He’s looking forward to playing in front of more than 8,000 fans Saturday.

“It’s exciting,” he said, “to get to be a part of it.”

Free tickets were made available to students Wednesday at 6 a.m. By 7:30 p.m. the night before, the queue had begun to form and when those people were kicked out by security staff so they could close the building for the night, they stuck around outside.

By 5:30, when athletics department staff began to arrive to oversee the distribution of tickets, the line extended from the main door, several yards to the sidewalk, and then down Earl Street, beyond Aberdeen to Division.

It didn’t take long for all the tickets to be claimed and the game has been a complete sellout for days, the first in the stadium’s current configuration.

It’s not surprising to Gaels coach Pat Sheahan.

“People care about this football team,” he said. “The great thing about college sport is that when you get these young people out there, giving ’er, for the school colours, for the joy of the game, there’s a lot of people who enjoy seeing that much more than watching pro athletes play for the money.

“There is a tremendous following in the U.S. for college football by fans who have no interest in watching pros. They want to see young men out there playing for the love of the game, for their school spirit and school pride. That’s (the athletes’) motivation to play, and that’s what motivates them to go and watch.”

Concussions caught up with Kingston’s Riley Tripp in his freshman season last year with the Wilfrid Laurier Golden Hawks and he’s not on the team’s active roster this year. That doesn’t mean the Holy Cross Secondary School grad has left the program.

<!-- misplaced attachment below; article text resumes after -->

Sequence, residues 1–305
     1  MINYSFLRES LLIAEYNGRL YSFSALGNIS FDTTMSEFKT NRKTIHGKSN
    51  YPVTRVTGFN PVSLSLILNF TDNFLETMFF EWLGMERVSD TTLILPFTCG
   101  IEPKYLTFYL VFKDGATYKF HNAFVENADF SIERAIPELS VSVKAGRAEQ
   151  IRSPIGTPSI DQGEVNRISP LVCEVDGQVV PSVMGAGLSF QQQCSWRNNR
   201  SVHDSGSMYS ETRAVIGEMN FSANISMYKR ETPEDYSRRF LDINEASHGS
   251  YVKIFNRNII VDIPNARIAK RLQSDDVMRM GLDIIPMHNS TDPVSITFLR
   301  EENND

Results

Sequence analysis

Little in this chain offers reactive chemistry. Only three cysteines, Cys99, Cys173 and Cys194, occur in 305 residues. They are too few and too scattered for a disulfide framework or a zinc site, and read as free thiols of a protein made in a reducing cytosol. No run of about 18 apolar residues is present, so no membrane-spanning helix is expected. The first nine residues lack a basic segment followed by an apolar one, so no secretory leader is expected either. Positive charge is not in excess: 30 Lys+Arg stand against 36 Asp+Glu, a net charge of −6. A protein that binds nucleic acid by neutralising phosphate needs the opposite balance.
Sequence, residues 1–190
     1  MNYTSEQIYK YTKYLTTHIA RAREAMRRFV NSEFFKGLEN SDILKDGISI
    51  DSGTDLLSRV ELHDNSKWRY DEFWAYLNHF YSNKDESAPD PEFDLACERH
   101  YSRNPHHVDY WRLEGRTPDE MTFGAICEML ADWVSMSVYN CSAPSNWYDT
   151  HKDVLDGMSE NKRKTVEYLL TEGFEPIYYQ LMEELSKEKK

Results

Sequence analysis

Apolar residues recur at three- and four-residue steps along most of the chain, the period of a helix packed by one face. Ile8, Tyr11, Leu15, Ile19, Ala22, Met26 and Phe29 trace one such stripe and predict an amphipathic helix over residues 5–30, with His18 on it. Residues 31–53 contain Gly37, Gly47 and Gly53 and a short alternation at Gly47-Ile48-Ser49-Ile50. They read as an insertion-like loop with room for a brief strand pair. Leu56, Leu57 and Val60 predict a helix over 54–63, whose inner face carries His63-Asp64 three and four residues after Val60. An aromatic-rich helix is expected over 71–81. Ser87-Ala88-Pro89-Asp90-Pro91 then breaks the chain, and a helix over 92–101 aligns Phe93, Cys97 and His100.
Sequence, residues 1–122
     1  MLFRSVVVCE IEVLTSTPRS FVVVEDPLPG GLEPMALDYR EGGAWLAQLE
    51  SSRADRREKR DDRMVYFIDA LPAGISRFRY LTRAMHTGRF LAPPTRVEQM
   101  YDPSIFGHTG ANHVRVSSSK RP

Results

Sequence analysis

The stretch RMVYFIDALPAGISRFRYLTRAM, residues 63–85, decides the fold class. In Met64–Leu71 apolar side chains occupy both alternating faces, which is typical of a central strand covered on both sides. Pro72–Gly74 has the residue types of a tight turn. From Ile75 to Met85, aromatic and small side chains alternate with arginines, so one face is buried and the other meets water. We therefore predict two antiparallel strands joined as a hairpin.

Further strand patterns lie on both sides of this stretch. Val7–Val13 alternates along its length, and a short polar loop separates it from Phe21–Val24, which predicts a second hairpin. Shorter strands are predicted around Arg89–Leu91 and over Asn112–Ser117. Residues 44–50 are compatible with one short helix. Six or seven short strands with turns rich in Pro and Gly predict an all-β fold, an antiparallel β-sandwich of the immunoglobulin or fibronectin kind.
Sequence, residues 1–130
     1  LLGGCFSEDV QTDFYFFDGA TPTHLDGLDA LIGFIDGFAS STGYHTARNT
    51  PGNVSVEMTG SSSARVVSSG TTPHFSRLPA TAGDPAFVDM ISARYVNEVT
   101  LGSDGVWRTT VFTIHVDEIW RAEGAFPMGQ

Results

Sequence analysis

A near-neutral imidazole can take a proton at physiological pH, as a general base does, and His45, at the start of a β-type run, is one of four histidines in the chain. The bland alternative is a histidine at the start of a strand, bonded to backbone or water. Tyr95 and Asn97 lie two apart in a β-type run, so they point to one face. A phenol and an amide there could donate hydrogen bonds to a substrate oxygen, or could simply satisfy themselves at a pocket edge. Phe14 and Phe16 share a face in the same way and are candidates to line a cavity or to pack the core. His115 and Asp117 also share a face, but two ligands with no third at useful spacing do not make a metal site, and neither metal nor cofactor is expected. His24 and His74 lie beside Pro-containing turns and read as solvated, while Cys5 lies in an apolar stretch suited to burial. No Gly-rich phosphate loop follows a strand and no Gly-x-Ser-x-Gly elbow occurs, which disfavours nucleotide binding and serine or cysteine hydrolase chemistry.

Not by a long shot, according to coach Michael Faulds.

“He’s had to step aside from playing but he’s helped us out on the field, almost as a graduate assistant (coach), and still is a very big part of the program,” Faulds said.

Tripp helps run drills in practice, works with the equipment manager, prepares video — “he’s charted plays for me on game day,” Faulds said.

“He’s done almost every task we can ask of him.”

Faulds said he was disappointed not to have the young running back available to play.

“I remember as a recruit he was an unbelievable player,” Faulds said. “I was at York at the time and I remember watching his highlight tape and recruiting him heavily.

“When I got the job here I was excited to see his name on the roster. It’s unfortunate that because of injury he hasn’t been able to play but he’s still very much a big part of our program.”

Western quarterback Will Finch rushed for 114 yards last week in the Mustangs’ 50-13 win over Queen’s. Most of his runs weren’t of the typical quarterback type: Run through daylight and pull the chute at the first sign of contact, or run only as far as you can go before the sideline provides sanctuary.

At 6-foot-3, 215 pounds at the age of 19, Finch is a big kid but the wisdom of exposing himself to that kind of punishment — especially late in games against teams who may have axes to grind with a fellow who’s in the process of beating them soundly — has been questioned.

“In the back of my mind, it’s kind of, ‘I should get down and not take too many hits’ but I want to win,” Finch said. “Sometimes I need to learn to slide better. I’ll try to run a guy over. I shouldn’t be doing that but …

“My coaches tell me, ‘Get down, don’t take a hit.’ I should … but sometimes in the heat of battle you don’t do that.”

Kingston’s Lewis Ward, a Bayridge Secondary School grad, is quietly fashioning a pretty good rookie season with the Ottawa Gee-Gees. He had three field goals last week in Ottawa’s 46-16 win over York, including a season-long 38-yarder.

Nine-for-13 in field-goal attempts, Ward is tied for eighth in Canada in scoring with 48 points.

“He’s really improved during the last month, since the season started,” Gee-Gees coach Jamie Barresi said. “He was struggling during the summer but he’s done very well. I’d like to see him get a little more distance with his kickoffs but he’s better with his percentage with his field goals.”